This phenomenon is best explained using the Kelvin equation equation 2 ) . P is the vapor pressure over a curved surface , P , is the vapor pressure over a flat surface , y is the liquid - vapor surface tension , Vis the molar volume of the liquid , r is the radius of the droplet , R is the universal gas constant , and 7 is the temperature . When " liquid saturation in a solid porous media is low , it creates a concave interface between the water and the trapped gas within the pores " [ 2 ] . The equation suggests that this concavity in the liquid surface lowers the vapor pressure of the porous media as r becomes negative , as radius is not being measured from the water droplet , making < P figure 12 ) . The liquid - vapor interface in the cellulose sponge also may be concave given that the round pores force the water droplets to form a concave surface as shown figure 13. Liquid - gas interface as the sponge pores allow air to pass through . Deliquescence occurs when the vapor pressure of the liquefied solution is lower than the partial pressure of water vapor in the air . Upon further lowering of vapor pressure , the salt will be forced to absorb more moisture . It becomes more susceptible to higher water vapor pressure in the atmosphere and tend to equilibrate . Furthermore , a concave surface means there are more surrounding molecules due to larger surface area ; this leads to stronger intermolecular attractions which attract water molecules from the air . Subsequently , it will theoretically absorb more water compared to the flat surface obtained in the salt control . Figure 13 can be referred to explain the quicker rate of the cellulose sponge . Its microscopic pores minimized agglomeration , exposing more surface area and ultimately quickening the rate of reaction .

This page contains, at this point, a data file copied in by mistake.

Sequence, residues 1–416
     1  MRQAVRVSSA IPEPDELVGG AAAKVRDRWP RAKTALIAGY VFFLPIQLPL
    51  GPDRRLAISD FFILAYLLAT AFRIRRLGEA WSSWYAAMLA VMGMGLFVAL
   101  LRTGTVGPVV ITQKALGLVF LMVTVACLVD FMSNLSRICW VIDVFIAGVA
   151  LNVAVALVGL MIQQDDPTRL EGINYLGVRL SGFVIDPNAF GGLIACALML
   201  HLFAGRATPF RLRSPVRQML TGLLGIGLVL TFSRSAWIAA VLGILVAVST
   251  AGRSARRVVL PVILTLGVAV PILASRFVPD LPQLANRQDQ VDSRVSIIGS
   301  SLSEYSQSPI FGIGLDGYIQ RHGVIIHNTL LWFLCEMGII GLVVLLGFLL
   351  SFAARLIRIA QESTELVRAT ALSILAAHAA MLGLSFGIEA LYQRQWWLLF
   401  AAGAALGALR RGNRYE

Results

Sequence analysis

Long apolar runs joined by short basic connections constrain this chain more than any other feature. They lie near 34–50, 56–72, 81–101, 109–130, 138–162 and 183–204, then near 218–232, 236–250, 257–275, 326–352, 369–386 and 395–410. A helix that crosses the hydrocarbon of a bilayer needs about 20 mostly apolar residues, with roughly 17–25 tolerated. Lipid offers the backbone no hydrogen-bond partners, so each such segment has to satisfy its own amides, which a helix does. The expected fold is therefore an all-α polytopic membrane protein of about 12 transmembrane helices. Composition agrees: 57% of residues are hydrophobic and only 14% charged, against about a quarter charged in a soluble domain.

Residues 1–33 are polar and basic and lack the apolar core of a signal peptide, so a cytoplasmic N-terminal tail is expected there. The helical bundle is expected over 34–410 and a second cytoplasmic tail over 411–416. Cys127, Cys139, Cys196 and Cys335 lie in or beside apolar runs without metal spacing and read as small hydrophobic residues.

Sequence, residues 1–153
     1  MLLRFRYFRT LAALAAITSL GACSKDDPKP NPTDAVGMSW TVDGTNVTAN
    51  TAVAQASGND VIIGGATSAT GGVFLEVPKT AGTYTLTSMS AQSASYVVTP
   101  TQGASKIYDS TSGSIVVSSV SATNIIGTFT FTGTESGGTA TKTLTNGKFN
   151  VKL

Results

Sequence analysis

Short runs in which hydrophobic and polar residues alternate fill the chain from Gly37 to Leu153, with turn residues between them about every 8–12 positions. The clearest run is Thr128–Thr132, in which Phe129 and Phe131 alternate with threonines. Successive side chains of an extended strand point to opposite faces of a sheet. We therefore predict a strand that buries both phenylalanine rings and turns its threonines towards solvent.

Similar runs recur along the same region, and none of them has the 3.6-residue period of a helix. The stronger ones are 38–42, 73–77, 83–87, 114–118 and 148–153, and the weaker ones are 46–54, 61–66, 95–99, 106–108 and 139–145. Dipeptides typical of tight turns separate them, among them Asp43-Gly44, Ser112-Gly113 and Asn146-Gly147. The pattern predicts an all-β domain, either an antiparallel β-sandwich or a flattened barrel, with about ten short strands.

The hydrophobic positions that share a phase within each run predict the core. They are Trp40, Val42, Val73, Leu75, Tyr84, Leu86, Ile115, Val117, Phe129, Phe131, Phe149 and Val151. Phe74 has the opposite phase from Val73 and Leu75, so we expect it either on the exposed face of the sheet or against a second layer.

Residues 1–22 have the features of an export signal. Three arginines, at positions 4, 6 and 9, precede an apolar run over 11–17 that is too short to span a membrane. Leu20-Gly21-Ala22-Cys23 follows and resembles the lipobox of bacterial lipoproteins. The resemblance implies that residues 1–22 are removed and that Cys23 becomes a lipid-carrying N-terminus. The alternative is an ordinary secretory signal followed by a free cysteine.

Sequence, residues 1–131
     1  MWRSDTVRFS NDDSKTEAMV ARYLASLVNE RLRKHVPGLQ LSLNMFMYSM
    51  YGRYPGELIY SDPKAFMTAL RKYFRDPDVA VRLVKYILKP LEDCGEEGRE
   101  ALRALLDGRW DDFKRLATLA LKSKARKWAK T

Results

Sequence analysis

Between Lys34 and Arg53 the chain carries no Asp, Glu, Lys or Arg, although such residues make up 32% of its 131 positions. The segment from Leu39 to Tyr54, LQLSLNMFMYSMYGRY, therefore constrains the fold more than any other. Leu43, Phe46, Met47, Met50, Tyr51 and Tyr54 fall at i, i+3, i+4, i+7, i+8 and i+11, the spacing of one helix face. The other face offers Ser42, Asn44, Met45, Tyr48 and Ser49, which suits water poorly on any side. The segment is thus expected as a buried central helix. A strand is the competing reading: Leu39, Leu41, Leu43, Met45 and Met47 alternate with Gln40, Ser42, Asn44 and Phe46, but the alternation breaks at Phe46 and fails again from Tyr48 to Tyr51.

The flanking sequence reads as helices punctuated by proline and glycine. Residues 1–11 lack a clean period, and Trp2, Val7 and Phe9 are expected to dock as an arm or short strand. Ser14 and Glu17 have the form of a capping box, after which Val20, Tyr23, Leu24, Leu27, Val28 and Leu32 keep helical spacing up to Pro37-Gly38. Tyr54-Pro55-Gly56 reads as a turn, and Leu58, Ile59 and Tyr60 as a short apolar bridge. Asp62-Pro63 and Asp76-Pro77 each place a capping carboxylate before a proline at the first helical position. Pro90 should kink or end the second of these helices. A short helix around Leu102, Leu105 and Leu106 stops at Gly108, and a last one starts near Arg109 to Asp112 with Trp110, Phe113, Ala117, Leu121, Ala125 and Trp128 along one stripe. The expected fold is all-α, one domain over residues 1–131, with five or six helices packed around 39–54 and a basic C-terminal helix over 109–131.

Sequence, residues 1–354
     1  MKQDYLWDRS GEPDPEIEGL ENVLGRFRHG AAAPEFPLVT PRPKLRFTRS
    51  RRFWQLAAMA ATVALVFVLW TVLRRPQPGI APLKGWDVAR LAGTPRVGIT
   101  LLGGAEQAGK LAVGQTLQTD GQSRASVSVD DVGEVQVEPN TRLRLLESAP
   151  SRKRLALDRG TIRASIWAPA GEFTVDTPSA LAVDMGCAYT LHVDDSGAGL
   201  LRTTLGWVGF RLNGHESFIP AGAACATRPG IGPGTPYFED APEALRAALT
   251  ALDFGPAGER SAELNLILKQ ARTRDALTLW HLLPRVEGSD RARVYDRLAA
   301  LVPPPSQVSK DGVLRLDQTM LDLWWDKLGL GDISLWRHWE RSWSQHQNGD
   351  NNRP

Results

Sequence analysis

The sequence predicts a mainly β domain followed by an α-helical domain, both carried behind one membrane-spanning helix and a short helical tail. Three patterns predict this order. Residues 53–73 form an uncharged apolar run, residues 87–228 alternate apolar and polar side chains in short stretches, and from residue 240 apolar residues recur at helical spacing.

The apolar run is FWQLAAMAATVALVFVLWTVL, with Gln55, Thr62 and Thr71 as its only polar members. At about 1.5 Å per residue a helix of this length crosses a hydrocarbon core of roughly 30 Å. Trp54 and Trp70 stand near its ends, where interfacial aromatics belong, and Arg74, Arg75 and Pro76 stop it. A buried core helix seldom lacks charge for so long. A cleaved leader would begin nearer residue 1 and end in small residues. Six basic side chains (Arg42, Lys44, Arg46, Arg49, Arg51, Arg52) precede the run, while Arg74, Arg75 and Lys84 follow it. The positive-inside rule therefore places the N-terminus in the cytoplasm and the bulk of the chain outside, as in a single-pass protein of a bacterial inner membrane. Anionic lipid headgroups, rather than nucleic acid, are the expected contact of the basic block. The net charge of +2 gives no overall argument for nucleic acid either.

This project is about a machine that could harvest moisture in air with hygroscopic salts infused in a sponge and proceed further with the hope that this could be a reliable source of clean water.
Study on Coastal Change and Sea Surface Temperature in Jakarta Based on Remote Sensing
This project, Jonathan and his mentor carry out remote sensing data analysis to study the evolution of the coastline and sea surface temperatures around Jakarta area. The work is hoped to reveal additional insights about the geographic condition of the island in the last decade.
Solar Powered Moisture Harvester
The project is about developing efficient and sustainable ways to generate drinking water from surrounding moisture.
Amplifying the Atmospheric Water Harvesting Capabilities of Calcium Chloride via a Cellulose Sponge Medium